By the time I left Rutgers to join the Red Sox in 2012, I had grown leaps and bounds both personally and professionally over the previous six years. But as the new guy in the organization as an A-ball hitting coach, I was much like a rookie in the clubhouse, unsure exactly of my place in this new environment. The general rule was the same in professional baseball, where hitting coaches and pitching coaches are not only an extension of their club’s manager but also a vital branch of an entire organizational philosophy. I was hired to coach hitters in Greenville and I needed to figure out the best way to do that. How hands-on did I need to be? Could I implement different things with different hitters? What would our daily routine be?
There was no handbook to answer all of my questions, but it was clear that experience through trial and error would be my best teacher, along with leaning on my colleagues who had been in my shoes before. Slowly but surely, I started to settle in. The more comfortable I got in my own skin, the better I become as my own coach. But I wasn’t entirely me. I wasn’t THAT comfortable. I was getting there, but I wasn’t there.
Then came the ground out that marked my arrival.
About one month into the season in early May, one of our best hitters came up with a runner on third and less than two outs. His job, plain and simple, was to drive that run home. We preached situational hitting and the value of getting the job done when it came to developing into a productive hitter. The result of this particular at-bat was a roll-over, ground ball to the second baseman. The run scored. The job was done. And I was pumped. Our hitter… not so much.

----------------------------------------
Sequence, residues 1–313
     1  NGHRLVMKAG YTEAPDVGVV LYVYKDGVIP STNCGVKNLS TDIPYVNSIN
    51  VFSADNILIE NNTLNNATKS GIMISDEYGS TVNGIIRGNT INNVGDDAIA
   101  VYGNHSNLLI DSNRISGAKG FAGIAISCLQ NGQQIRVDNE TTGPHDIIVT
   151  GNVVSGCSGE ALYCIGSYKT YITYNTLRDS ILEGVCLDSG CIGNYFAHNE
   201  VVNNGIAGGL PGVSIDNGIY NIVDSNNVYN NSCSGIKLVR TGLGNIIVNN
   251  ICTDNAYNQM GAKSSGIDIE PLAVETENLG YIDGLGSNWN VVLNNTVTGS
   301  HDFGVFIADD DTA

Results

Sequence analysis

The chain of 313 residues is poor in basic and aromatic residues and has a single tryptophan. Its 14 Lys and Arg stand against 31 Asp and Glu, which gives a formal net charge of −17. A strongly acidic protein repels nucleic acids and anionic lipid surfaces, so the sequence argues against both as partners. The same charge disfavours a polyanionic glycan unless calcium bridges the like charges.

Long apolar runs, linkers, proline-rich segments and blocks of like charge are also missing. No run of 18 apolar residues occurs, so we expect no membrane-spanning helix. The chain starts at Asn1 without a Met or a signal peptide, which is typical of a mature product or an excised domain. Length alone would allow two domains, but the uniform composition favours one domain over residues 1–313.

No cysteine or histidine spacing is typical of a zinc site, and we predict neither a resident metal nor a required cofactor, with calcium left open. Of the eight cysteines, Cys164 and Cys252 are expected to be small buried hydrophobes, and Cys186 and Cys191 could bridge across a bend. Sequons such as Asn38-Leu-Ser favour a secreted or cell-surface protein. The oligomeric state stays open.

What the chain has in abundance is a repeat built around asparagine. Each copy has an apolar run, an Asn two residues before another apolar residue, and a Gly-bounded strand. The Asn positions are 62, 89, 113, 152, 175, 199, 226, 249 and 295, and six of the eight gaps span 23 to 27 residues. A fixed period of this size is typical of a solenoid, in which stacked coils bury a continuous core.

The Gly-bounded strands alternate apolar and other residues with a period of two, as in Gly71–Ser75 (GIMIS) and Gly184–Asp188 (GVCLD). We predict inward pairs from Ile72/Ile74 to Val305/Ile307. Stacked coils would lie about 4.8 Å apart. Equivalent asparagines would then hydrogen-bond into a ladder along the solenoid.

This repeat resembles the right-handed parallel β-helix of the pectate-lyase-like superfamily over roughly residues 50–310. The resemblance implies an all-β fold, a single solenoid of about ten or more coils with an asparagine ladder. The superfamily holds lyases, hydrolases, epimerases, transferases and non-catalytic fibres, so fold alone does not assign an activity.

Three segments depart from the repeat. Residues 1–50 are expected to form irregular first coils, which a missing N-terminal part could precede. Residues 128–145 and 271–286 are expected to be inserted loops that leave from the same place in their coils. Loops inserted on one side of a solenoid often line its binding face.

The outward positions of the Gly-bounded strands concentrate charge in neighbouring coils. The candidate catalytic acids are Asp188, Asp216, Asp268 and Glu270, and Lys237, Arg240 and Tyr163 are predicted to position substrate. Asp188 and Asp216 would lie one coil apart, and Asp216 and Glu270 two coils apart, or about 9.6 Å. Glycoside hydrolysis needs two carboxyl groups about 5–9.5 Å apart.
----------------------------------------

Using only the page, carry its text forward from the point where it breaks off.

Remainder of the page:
He sulked off the field. Banged his helmet on the bench. Slammed his bat back into the rack. If there was one thing that always got under my skin both as a player and now as a coach, it’s playing selfish. As I’m watching him come down towards me in the dugout, my blood is starting to boil. By the time he was standing next to me, he started complaining to himself. I snapped. “WHAT THE HELL IS YOUR PROBLEM,” I politely asked. “You just did your job. You helped your team. Now stop being a baby, grow up, and pick up your teammate who is hitting right now.”
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What I didn’t realize at that impulse was that Chad Epperson, one of our roving coordinators from Boston, was in the dugout at the time. Had I been conscious of his presence, I would have been much more guarded with my words, as I had been to that point, if I said anything at all. I was still the new guy. Still finding my way. Still finding my place. After the game, Eppy came up to me and said that if I didn’t address that situation in the dugout, he would have himself, and he absolutely loved the way I handled it, reassuring me that sometimes players need some messages louder than others.
That meant everything to me, and not because he was ok with me getting on a player who acted unprofessionally. But rather because that was the moment when I knew I could truly be who I was as a coach. I didn’t have to be cautiously filtered like I had been to that point. Eppy gave me that freedom to be me. That moment, yet so small in the grand scheme of everything, baseball or otherwise, was, still to this day, one of the most defining moments of my entire coaching career. A coach who knows who he is and does what he does is in the best position to help his players do the same.